Category Archives: Myths

The Thing That Hollers

Nok’élehe: the-person-that-halloos, the hollerer, the thing that hollers. The word is the same in both Hanis and Milluk, based on the verb k’el- or k’al-; to holler, to yell. The story of the nok’élehe might be one of the most-told … Continue reading

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“Stealing of Fire and Water”

Many tribes in the west have stories about how the First People had to acquire fire from a person or village of persons who held the only fire. Often, but not always, the hero is Coyote or another Trickster. There … Continue reading

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“Dear Old Lady”: the tale of the suffix -sha

Leo Frachtenberg worked with Hanis speaker Jim Buchanan in 1909. As part of his work, he later published a grammar of Hanis. In it he noted a suffix -sha that is unusual in that unlike any other suffix in the … Continue reading

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Five Shadows: a story of dread, murder, cannibalism and a hero-child

Linguist Leo Frachtenberg came to Oregon just over a century ago, and worked with speakers of Hanis (Jim Buchanan, Frank Drew, Tom Hollis), Lower Umpqua/Siuslaw (Louisa and William Smith) and Alsea (William Smith). One of the stories he got was … Continue reading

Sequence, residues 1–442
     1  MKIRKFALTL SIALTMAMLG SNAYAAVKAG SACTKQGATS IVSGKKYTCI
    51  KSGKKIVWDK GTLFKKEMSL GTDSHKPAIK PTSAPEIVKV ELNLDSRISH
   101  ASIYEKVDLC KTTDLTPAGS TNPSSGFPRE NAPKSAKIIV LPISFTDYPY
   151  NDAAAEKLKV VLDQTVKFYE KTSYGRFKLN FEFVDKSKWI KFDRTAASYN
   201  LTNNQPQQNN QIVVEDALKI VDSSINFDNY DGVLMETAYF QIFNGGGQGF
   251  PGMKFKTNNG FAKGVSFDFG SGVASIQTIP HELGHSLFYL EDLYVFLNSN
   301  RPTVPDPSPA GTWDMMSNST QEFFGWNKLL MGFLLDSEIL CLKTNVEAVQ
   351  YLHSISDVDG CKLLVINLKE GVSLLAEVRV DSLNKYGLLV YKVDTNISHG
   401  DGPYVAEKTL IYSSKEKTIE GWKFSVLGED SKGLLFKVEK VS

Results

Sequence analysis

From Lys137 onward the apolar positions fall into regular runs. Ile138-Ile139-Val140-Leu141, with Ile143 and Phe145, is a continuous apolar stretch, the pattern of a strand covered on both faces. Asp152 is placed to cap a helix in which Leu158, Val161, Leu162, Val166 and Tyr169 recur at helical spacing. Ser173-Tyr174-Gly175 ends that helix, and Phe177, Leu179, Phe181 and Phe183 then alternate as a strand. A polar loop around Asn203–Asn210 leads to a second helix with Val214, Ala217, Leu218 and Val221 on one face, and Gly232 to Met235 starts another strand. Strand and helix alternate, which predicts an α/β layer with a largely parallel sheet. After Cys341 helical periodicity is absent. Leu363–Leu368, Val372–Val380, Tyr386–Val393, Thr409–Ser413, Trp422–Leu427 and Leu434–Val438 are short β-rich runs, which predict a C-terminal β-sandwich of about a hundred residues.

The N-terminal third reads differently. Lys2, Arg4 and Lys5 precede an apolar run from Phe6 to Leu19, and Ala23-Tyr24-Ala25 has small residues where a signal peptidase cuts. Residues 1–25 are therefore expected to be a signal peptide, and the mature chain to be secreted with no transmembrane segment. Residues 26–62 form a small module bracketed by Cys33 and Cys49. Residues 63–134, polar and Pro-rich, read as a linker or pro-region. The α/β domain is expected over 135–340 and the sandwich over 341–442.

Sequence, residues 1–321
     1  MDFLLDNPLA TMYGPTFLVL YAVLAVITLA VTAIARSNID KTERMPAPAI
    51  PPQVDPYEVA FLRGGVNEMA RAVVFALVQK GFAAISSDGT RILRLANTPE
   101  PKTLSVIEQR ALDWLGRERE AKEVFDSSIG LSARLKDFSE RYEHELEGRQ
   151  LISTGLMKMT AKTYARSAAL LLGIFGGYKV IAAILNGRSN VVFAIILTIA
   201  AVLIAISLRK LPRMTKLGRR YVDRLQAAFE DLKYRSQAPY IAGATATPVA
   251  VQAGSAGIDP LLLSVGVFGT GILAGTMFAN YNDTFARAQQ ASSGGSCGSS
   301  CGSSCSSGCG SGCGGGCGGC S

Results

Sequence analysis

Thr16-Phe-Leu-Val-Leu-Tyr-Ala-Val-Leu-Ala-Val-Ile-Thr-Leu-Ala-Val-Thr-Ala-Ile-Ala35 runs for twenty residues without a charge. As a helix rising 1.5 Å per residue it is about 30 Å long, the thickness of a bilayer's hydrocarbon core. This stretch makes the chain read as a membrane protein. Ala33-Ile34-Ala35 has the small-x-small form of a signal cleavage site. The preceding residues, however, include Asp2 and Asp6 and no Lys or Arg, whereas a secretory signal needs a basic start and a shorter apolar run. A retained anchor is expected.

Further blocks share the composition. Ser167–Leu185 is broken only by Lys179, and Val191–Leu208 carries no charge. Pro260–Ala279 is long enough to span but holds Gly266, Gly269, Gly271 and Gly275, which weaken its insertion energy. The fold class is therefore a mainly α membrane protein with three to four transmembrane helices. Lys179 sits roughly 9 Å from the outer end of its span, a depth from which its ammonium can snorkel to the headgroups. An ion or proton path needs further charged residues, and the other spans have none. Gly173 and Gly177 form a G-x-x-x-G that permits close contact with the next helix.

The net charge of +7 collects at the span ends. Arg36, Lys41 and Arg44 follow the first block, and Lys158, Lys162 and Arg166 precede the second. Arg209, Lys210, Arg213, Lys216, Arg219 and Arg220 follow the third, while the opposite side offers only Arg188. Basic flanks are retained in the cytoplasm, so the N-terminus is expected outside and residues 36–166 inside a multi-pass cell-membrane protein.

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Eclipses

As everyone knows by now, Monday is the day there will be a solar eclipse in North America. At any one place on earth, solar eclipses are much more uncommon than lunar eclipses. Throughout human history, many cultures have thought … Continue reading

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Stars

    Sorry I have been so busy this summer I haven’t had time or energy to research posts here. Hopefully I can start writing at least semi-regularly again soon. In the meantime, here is a slightly-modified reprint of an … Continue reading

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Hero Grandmothers

I have been working on collecting examples of the Coos (Hanis and Milluk both) suffix -sha. This suffix is unusual in that it is the only one I know of that attaches to one and ONLY one word – huumik’, … Continue reading

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